Last Week’s Stem Cell Cloning News

Readers of this blog probably saw last week’s report, as the NPR headline put it, that “First Embryonic Stem Cells Cloned from a Man’s Skin.”  I was able to read the full text of the online publication, by Cell Stem Cell, here.

The stated goal of the work is to use somatic cell nuclear transfer (SCNT) to clone an embryo that can then be used to develop embryonic stem cells (ESCs) that are pluripotent—able to differentiate into any cell type in the human body—and coax them to differentiate as needed for use as a cell-based treatment for disorders where replacement cells might be helpful; e.g. heart failure, neurodenerative disease, or others.  In SCNT, an egg, donated by a healthy woman, is needed; its nucleus is removed and replaced with the nucleus from tissue (such as skin) from the person who would be treated.  With the necessary manipulations in the lab, an embryo is formed that can be used while it is still just a few days old to obtain the desired ESCs.  This technique has been successful in animals for a while now, but making human embryos this way has been successful only rarely, and then using tissue cells from fetuses or infants.  But the idea is to use cells derived from a patient, who would typically be an adult at the time of the needed treatment, so the current work is a technical advance by virtue of showing that embryos that can be used to give rise to ESCs can be made using cells from adults, even elderly ones.

In this case, the skin cell donors were two men, one age 35, the other age 75.  A total of 126 eggs were obtained from seven women.  The successfully cloned embryos—eight in total—came from using eggs from three of the seven donor women.  A couple of these embryos gave rise to ESCs, depending on the specific cloning procedures used.  The ESCs obtained as a result showed characteristics of true ESCs—including the ability to form tumors (teratomas).  (The potential to form tumors remains a safety issue for any stem cells—ESCs or induced pluripotent stem cells—used as therapy.)

No new ethical issues arise from this report; the well-described issues with cloning all apply.  First, human embryos were created specifically and solely for research, and for destruction in the process.  “Cells” alone were not cloned, but embryos.  The report itself calls them that.  Presumably, these embryos could develop into a full human.  That, the NPR report says, is something that “many people [find]… dangerous and repugnant, [but] it is not broadly illegal.”  Or, maybe the embryos couldn’t develop normally, which would make them, I suppose, severely impaired nascent humans created on purpose for research.  Induced pluripotent cells that do not create new embryos avoid the ethical issue, and might, in the end, be as safe as or safer than ESCs used for treatment.  Some would say “we need to do the experiment,” but if the experiment itself contains unethical features, why should those be carried forward in the experimental design?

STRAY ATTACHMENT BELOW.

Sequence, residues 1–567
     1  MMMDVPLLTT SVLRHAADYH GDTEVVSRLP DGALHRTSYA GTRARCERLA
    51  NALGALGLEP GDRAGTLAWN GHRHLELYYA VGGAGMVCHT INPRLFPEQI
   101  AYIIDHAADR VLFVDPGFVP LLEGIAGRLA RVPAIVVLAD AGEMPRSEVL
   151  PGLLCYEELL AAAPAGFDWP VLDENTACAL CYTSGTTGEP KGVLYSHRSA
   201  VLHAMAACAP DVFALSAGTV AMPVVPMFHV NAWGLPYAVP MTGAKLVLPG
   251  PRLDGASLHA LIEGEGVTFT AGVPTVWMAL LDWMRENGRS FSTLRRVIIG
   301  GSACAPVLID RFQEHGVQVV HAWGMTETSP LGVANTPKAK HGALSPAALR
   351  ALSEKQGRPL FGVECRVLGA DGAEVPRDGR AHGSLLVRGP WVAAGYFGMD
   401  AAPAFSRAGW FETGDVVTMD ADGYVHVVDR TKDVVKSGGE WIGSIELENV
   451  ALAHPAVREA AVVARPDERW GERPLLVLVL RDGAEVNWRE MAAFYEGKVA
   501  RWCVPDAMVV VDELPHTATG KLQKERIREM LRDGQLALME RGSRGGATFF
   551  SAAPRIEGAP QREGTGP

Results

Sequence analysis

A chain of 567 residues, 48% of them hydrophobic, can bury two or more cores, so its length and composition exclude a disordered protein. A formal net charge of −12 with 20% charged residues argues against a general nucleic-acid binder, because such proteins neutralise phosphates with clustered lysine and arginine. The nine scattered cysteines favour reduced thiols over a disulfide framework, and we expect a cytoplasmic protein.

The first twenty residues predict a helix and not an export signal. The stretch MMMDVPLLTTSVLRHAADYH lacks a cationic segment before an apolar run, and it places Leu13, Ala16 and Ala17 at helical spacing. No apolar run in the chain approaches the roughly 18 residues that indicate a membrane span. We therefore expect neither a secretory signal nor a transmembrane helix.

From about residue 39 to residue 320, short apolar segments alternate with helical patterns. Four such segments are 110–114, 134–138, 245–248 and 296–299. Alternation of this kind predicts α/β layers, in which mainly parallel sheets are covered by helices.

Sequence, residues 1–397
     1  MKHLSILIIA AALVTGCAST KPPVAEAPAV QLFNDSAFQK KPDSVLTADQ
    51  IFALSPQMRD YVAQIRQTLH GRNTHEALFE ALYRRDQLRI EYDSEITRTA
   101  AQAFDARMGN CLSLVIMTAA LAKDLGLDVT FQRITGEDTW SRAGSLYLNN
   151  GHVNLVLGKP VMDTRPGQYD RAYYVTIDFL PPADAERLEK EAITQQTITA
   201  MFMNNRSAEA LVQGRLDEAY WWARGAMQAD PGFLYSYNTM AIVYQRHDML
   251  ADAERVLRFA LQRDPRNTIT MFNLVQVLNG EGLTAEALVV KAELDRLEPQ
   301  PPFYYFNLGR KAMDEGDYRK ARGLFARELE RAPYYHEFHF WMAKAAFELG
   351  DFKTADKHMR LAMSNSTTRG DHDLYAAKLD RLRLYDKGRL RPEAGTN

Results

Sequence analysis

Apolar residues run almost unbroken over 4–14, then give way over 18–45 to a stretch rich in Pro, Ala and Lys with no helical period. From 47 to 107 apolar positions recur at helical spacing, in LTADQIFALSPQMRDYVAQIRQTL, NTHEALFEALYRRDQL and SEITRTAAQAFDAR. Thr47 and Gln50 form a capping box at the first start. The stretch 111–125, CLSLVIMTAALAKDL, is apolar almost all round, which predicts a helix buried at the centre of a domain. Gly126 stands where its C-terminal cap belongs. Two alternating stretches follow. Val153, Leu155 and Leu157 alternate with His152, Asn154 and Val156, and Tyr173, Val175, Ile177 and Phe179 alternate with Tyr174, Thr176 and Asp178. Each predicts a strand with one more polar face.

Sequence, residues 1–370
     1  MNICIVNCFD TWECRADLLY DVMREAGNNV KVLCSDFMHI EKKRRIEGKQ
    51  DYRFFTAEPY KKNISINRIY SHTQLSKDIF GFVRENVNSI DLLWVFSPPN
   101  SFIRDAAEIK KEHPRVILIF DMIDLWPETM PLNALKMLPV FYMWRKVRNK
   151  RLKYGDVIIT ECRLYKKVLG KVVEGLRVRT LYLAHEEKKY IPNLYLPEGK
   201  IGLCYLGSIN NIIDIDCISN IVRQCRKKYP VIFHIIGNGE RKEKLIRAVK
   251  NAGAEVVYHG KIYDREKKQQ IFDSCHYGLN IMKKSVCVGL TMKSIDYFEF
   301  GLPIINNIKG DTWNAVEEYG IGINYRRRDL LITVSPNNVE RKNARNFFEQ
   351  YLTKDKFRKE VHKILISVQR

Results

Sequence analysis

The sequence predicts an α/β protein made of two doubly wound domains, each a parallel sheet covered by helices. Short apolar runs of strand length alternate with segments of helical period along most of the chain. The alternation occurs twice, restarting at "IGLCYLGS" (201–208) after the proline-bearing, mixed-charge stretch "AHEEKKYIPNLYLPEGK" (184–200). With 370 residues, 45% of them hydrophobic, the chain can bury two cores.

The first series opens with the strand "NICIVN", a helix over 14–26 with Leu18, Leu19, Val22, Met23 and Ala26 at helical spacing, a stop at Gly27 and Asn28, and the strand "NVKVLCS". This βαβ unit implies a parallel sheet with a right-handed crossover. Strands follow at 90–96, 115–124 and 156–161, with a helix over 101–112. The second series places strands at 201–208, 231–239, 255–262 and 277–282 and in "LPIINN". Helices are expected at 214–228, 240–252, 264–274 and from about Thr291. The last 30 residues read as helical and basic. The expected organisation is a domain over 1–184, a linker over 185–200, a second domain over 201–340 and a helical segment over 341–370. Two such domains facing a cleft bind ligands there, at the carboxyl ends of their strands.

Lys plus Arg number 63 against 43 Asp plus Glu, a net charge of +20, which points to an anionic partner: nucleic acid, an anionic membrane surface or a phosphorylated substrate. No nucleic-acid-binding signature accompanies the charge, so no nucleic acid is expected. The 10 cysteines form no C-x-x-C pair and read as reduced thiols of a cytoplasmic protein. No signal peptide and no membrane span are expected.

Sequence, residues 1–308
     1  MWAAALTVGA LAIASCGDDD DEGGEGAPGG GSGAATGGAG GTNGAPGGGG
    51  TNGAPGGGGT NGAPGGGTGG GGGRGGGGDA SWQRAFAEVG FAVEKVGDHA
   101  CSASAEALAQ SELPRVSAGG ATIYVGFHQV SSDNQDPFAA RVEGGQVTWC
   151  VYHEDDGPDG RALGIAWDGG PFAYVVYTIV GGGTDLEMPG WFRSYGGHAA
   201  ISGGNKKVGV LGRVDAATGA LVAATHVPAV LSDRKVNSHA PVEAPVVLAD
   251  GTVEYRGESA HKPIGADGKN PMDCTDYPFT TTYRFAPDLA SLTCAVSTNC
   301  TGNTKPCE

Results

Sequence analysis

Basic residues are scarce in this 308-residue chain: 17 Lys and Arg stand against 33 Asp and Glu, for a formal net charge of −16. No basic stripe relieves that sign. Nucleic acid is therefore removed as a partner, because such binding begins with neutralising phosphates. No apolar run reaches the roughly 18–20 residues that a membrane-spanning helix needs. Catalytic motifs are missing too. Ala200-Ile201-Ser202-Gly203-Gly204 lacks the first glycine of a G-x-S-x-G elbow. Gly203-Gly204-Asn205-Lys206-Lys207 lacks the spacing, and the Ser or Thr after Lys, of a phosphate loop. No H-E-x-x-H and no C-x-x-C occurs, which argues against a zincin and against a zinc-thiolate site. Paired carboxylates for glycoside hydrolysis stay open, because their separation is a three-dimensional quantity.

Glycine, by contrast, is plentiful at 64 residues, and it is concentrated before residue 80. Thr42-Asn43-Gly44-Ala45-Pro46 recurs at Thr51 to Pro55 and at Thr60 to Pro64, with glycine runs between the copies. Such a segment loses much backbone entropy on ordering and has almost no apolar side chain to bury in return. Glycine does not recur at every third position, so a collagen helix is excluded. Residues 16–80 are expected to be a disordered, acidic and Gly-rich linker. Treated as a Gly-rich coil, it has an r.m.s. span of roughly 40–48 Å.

And the ESCs created are intended to lead ultimately not just to treatment, but to profit.  The work, performed in South Korea with a government grant from that country, was conceived and executed in part by personnel from the biotech company Advanced Cell Technology.  They would argue, I believe, that the ability to “clone your own” cells for treatment will eventually be beneficial.  But the eggs, of course, are not “your own,” but come, rather inefficiently and potentially riskily (I didn’t see a discussion of the procedure used to induce hyperovulation), from young women “you” may not have heard of.    If ESCs using their cells are commercialized, presumably they retain no financial interest.

I wonder if any of them is named Henrietta…

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Mark McQuain
Mark McQuain

The Wall Street Journal WSJ) had similar summary article Monday afternoon (28 April – Embryonic Cloning Shows Promise in Diabetes Treatment). In addition to your concerns above, what I found equally interesting were the varied responses by subscribers in their blog section attached to that article. Like the NYT, I suspect the average responder in the WSJ is solidly above average. Even these individuals had difficulty understanding exactly what this “new” technique was offering. What exactly is an SCNT blastocyst? Is it human or not? Is it a person or not (presuming there is a difference)? What does it mean… Read more »